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Sales Solutions
Independence Days vol 8, issue #7
July, 2011

Having just finished observing and celebrating our nations 235th year of independence from Great Britain, I reflected on the many meanings of another form of that word - independent - and its applicability to our profession. Here's how defines, "Independent":

  1. not influenced or controlled by others in matters of opinion, conduct, etc.; thinking or acting for oneself: an independent thinker.

  2. not subject to another's authority or jurisdiction; autonomous; free: an independent businessman

  3. not influenced by the thought or action of others: independent research.

Many of us in sales like to think of ourselves as being "independent" in the sense of the first two definitions. Indeed, part of the reason we chose sales as a vocation is that it allows us a great deal more independence - more freedom to come and go - than most other jobs do. We're not tied to a desk all day. We get to leave the office and go out in the field, away from the prying eyes and ears of our coworkers and our bosses. In managing our territories, we are, in a sense, running our own businesses. You can't get much more independent than that. And those who work as manufacturer's reps or as "independent" contractors do so because they crave the virtually complete independence such jobs provide. They have no boss telling them what to do, reviewing their performance, or criticizing them. They are free agents in the truest sense.

Independence is not only a desirable quality in a sales person, it's an asset. The salesperson is responsible for finding the opportunities, working them, and bringing them to closure - largely on his or her own. But a sales engagement is not just about the end result - the close. It's about everything in between the beginning and the end. Along the way there will almost always be a need to involve others in getting a deal closed - colleagues in departments such as billing, shipping, manufacturing, production, and IT - whose resources, schedules, and other input you'll need from time to time. As well, you have a team of people right in your own department available to you for ideas, suggestions, and brainstorming for getting around a sticky obstacle or for dealing with a particularly difficult prospect or customer. Your manager, for example, can and should be used not only as a conduit through which to get things done for you within the organization, but also as a sage resource to help you strategize ways to move deals forward towards closure. So too should your peers be used for tips on how to get something done. Taking a training class, attending a workshop - even reading this newsletter - are all resources available to you to make you more successful. Utilizing them does not diminish your independence, but rather it complements it.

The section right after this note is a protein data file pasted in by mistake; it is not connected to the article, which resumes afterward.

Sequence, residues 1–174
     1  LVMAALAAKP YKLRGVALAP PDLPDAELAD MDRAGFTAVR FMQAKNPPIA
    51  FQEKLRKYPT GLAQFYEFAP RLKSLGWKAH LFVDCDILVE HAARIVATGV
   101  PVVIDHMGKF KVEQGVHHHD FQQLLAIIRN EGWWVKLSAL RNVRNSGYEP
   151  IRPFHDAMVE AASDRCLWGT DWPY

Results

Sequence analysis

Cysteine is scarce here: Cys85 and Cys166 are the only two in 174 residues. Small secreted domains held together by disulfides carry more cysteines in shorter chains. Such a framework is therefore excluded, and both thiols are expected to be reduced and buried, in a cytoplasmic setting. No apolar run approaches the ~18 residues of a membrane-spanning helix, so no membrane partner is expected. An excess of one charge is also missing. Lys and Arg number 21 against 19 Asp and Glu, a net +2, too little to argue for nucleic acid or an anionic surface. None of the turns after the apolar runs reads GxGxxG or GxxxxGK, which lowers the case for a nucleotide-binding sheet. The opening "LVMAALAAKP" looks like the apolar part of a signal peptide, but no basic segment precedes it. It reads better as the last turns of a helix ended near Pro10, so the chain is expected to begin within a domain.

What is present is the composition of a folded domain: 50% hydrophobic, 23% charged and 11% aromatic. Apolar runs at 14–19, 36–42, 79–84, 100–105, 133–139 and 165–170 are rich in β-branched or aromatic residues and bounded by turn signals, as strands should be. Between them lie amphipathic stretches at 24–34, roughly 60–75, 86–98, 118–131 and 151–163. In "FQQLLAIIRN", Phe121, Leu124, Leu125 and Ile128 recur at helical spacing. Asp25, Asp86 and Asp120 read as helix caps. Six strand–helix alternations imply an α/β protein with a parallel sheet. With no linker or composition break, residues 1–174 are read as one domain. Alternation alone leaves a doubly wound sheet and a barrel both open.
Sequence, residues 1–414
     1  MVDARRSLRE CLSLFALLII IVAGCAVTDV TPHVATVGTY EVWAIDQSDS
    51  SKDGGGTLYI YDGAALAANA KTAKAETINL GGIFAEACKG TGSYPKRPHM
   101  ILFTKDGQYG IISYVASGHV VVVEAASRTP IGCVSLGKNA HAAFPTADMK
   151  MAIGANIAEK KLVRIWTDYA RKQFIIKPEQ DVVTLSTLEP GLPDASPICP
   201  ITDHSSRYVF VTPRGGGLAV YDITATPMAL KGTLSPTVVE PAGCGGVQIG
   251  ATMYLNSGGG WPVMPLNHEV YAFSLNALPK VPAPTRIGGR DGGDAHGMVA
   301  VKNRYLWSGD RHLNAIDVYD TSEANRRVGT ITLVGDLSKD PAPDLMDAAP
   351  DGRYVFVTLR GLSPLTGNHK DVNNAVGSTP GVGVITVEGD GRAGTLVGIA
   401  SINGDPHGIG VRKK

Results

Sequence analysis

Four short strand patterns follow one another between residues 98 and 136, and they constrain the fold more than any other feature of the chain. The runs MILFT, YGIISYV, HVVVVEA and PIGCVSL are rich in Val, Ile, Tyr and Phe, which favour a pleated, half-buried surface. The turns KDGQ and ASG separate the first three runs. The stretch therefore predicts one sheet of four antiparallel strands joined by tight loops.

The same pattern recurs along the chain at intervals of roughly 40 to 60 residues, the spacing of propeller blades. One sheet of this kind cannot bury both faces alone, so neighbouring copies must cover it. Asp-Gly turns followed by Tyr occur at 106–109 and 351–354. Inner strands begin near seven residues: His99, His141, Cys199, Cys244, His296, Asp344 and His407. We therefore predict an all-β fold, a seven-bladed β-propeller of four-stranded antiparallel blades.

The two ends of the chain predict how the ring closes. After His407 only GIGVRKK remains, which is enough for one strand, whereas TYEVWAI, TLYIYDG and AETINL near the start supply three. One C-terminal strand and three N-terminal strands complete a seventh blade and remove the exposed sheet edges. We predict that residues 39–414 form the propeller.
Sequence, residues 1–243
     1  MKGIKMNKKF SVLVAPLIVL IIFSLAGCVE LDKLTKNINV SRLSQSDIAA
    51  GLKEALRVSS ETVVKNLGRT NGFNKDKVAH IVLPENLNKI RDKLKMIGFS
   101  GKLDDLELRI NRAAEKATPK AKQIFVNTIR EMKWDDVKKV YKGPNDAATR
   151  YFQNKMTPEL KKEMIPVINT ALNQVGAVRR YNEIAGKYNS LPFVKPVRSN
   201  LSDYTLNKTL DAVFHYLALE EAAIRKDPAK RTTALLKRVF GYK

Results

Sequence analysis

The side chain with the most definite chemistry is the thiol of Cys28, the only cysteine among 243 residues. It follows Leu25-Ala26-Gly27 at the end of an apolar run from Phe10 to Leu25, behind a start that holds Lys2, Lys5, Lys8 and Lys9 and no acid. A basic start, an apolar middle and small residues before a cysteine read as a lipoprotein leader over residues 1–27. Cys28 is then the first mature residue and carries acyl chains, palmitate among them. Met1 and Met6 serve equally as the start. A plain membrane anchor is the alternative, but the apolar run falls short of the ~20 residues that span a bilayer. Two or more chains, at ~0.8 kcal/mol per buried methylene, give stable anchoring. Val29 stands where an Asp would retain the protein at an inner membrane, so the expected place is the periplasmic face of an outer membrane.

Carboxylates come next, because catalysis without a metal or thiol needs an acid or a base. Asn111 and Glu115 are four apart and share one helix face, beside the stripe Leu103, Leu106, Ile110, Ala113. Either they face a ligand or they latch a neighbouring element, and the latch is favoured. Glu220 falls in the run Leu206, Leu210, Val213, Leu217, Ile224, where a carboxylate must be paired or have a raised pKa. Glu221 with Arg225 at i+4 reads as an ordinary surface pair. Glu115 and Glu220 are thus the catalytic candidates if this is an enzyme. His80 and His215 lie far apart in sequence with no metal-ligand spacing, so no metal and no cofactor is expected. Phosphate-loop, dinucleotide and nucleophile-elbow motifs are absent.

Many sales people feel that they should be able to close all their deals completely by themselves, without soliciting any input from anyone else. I too felt the same way earlier in my career, until I was introduced to a fabulous sales coach who opened my eyes to how much better I could be if I would just toss aside the robe of independence I'd wrapped around myself, and allow myself to accept assistance, guidance, and coaching. I learned that no one would think less of me for asking for help, or for asking my manager to accompany me on a meeting with a major prospect. On the contrary, I was viewed as a team player.


We as a nation just celebrated our independence from the tyranny of King George III of England. So too do we as sales people celebrate the independence that our choice of livelihood affords us. But it's important to temper that independent streak with the reality that most of us are dependent on the organizations we work for, and on specific individuals within our companies who can help us be the best we can. There is no shame in relying on others to help you be successful; on the contrary, it shows that you're smart, and a team player. To that end, review your approach to your job. Do you avoid asking for help when you know you should? Do you resent having to do things you'd prefer not to (reporting, training -God forbid!)? Do you isolate yourself in the Sales department, never reaching out to coworkers in other departments? If so, re-evaluate your attitude in these areas, and resolve to make some changes as appropriate. Wander over to the Marketing department, find out what they're doing, and build some relationships. Take advantage of self-development opportunities without being told to. Become a team player, and the rewards you'll reap will be both abundant and valuable.

Good Selling!

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